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"...the author documents tragic mistakes made by over- worked and inexperienced interns, calling for a change in the archaic method of training we call residency training."
As the husband of an overstressed, overworked, and overtired resident in pediatrics, Duncan (Hernando de Sota, 1995, etc.) saw firsthand the impact our present residency system had on one doctor. Here he looks at the bigger picture: how it affects not just doctors but patients and society in general. For four years he followed hospital residents on call, keeping records of their actions, attitudes, hours, supervision, and patient outcomes; he also interviewed dozens of doctors, medical educators, patients, and nurses. The result is an anecdote-filled account of what's wrong with the system and how it came to be the way it is. Where statistics are available, he cites them, but one of the flaws of the present system is its failure to collect hard data on its own level of safety or effectiveness. Where reforms have been made—as in New York State, where the famous Libby Zion case led to legislation restricting the number of hours residents can work—he describes them, but these are few and far between. Duncan is persuasive in his argument that a system that once worked fairly well when medical knowledge was limited now drops inexperienced and minimally supervised young physicians into complex, difficult situations, that it overworks and underpays them, and that it too often fails to protect patients from the hazards of treatment by sleep-deprived and undersupervised residents. Concluding with a warning that the very survival of our nation's teaching hospitals is being threatened as managed care reshapes the medical marketplace, Duncan offers no solutions to that problem but has some practical suggestions for revamping residency programs.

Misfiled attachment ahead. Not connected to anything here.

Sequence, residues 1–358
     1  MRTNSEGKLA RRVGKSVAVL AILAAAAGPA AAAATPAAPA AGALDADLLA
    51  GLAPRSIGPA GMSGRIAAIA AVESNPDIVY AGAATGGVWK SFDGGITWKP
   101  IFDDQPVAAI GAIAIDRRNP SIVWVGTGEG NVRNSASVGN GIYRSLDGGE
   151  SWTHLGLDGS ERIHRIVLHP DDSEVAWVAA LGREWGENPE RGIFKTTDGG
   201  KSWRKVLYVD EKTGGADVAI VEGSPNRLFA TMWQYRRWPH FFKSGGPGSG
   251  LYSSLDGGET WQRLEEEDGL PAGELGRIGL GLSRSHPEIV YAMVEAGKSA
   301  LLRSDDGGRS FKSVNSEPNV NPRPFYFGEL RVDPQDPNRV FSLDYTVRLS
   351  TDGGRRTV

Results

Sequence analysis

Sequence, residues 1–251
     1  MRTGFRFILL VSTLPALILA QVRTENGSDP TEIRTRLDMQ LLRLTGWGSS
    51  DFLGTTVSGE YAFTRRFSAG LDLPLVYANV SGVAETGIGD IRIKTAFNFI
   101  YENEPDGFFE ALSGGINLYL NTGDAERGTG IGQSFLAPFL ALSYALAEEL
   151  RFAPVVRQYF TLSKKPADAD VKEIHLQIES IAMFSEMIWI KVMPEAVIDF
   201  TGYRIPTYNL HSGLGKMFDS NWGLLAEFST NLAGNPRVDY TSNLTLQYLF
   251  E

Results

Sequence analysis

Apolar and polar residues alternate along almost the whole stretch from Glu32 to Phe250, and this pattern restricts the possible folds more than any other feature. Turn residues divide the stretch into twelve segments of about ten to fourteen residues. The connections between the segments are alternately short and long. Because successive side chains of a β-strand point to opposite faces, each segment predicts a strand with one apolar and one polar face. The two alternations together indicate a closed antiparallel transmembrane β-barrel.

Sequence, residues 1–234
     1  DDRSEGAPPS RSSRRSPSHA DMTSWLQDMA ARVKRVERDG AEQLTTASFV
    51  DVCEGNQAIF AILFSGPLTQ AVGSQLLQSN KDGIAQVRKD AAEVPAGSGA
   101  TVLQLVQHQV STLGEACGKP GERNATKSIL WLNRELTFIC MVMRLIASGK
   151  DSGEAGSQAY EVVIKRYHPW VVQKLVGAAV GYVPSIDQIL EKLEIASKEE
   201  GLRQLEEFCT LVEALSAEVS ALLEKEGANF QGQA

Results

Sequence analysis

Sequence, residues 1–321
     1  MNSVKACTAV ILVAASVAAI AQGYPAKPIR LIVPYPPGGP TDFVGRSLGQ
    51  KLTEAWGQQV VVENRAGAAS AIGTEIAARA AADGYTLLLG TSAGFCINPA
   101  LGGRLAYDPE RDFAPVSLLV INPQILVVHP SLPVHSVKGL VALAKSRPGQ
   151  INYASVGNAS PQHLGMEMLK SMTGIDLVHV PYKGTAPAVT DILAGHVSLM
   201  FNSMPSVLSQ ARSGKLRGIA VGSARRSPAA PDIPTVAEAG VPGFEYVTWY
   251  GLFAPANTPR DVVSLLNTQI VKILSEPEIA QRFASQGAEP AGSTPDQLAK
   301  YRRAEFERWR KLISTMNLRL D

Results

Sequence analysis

An up-close and sobering picture of medical education's imperfections.